Researchers at the Developmental Neuroscience Laboratory at the Norwegian University of Science and Technology are trying to understand the underlying processes that control neurological development by studying infants.
The tests are performed using electroencephalography (EEG), which is a recording system that uses voltage fluctuations along the scalp to record the brain’s spontaneous electrical activity. Researchers are able to record activity in the brain while the infant is shown visual stimulus on a screen. The tests have been conducted over the past 10 years.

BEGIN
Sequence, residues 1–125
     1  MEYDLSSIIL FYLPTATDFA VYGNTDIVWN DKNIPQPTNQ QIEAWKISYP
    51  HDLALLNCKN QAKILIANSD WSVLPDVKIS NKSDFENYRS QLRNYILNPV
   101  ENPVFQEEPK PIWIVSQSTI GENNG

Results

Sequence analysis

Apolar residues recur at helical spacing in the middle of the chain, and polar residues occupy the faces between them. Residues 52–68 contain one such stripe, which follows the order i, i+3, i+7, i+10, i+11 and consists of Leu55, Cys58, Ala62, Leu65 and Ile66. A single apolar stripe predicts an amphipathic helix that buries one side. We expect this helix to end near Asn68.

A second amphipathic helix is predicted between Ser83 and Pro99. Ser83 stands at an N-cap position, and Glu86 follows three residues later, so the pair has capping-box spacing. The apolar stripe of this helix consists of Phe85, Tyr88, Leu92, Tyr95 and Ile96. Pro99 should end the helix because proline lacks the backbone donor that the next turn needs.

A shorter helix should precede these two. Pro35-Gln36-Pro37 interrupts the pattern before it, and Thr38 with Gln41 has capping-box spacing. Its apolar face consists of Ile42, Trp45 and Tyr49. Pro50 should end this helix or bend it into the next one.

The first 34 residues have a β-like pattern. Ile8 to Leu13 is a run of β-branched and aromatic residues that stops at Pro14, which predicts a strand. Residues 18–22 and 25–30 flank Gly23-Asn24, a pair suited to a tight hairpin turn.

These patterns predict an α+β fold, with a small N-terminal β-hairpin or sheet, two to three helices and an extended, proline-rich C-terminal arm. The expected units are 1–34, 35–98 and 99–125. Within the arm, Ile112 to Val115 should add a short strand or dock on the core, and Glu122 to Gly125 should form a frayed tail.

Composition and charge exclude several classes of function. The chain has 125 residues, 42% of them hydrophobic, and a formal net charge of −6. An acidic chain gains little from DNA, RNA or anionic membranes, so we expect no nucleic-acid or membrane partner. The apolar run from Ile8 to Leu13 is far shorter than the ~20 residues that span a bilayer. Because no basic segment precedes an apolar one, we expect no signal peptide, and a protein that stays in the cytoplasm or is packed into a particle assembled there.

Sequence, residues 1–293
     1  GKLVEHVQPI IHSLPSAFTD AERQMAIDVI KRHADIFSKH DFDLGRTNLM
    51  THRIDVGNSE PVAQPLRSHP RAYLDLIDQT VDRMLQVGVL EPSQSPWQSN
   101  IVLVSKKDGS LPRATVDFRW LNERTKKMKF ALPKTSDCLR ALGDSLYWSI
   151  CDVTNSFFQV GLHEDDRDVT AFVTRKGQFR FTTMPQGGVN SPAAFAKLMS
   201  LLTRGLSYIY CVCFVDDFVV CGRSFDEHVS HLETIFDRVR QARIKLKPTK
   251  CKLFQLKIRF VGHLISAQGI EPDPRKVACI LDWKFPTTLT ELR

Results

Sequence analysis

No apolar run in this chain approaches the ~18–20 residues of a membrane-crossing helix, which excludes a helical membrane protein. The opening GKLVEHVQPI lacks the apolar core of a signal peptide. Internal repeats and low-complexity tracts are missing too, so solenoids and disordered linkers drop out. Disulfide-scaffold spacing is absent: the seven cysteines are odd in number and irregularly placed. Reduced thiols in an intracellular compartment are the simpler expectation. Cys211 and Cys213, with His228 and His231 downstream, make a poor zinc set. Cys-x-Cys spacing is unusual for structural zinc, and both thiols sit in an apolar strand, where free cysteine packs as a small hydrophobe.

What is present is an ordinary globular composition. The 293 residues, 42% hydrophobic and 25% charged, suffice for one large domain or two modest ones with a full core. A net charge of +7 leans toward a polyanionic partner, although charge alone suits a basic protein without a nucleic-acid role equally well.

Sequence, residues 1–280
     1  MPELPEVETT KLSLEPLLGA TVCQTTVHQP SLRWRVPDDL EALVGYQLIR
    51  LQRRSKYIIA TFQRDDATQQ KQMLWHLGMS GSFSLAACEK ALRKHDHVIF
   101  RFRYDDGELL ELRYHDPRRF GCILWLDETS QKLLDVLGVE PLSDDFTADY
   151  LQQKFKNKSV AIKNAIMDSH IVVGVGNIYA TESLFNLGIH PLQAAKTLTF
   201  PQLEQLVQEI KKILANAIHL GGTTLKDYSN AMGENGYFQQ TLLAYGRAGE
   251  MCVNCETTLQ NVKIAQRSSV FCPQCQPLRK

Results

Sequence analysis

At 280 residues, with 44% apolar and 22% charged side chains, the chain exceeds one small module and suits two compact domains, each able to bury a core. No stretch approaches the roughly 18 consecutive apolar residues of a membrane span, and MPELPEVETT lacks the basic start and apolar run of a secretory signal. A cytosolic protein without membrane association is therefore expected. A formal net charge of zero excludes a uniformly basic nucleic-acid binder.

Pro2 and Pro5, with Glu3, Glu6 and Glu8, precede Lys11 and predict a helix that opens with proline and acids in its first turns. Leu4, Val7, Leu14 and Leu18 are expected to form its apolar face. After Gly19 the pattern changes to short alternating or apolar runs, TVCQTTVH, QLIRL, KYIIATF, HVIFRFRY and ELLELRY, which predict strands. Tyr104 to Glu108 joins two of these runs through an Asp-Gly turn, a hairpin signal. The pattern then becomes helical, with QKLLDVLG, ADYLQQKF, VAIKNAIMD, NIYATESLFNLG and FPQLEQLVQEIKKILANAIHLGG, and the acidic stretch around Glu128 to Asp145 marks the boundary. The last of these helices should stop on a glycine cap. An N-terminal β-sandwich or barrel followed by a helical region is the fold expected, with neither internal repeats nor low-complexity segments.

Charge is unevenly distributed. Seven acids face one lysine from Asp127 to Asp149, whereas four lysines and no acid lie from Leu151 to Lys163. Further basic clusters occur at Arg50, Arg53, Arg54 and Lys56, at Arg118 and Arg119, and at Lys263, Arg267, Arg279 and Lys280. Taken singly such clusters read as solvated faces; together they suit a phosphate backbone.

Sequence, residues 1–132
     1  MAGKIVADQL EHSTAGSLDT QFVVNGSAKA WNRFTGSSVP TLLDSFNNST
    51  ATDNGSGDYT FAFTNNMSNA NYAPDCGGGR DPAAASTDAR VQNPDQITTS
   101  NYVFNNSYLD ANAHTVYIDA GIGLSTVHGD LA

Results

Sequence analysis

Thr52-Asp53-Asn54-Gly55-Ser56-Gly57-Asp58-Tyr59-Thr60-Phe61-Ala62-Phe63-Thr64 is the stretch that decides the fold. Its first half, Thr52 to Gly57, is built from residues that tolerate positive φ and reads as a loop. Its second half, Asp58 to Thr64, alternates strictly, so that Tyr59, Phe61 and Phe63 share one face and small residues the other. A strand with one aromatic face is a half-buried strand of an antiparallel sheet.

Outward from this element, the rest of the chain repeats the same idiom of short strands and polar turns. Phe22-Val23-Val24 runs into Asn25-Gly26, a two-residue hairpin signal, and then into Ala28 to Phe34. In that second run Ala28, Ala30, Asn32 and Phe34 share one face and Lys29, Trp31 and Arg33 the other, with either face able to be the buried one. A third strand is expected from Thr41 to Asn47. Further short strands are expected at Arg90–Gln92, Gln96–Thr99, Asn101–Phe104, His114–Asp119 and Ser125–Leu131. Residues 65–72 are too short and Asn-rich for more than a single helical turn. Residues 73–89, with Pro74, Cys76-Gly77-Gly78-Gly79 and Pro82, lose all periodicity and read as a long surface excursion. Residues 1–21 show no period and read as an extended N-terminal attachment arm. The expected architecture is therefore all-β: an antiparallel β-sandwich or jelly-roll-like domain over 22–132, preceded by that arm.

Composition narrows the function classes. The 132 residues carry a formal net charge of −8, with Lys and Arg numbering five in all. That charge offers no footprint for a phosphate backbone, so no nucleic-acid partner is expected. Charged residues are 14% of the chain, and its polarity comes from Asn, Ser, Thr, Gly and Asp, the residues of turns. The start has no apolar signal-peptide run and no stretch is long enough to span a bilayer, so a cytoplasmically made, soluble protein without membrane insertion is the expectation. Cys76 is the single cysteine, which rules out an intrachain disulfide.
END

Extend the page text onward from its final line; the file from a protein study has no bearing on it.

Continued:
Studies have shown that development of the senses, motor skills and the brain go hand-in-hand. Babies gradually become better at perceiving and interpreting visual stimulus throughout their first year of life. This knowledge can help scientist figure out what happens to brain development in infants who are born prematurely.
Now researchers have also been able to conclude that electrical activity in the brain changes as the baby grows and becomes more mobile throughout the first year of life. When a child is one year old and has learned to crawl and maybe even walk, he or she also is able to differentiate between different types of movement on a screen. The one-year-olds also react more quickly to new information than the younger children, and are able to use more specialized areas of the brain.
Source: Norwegian University of Science and Technology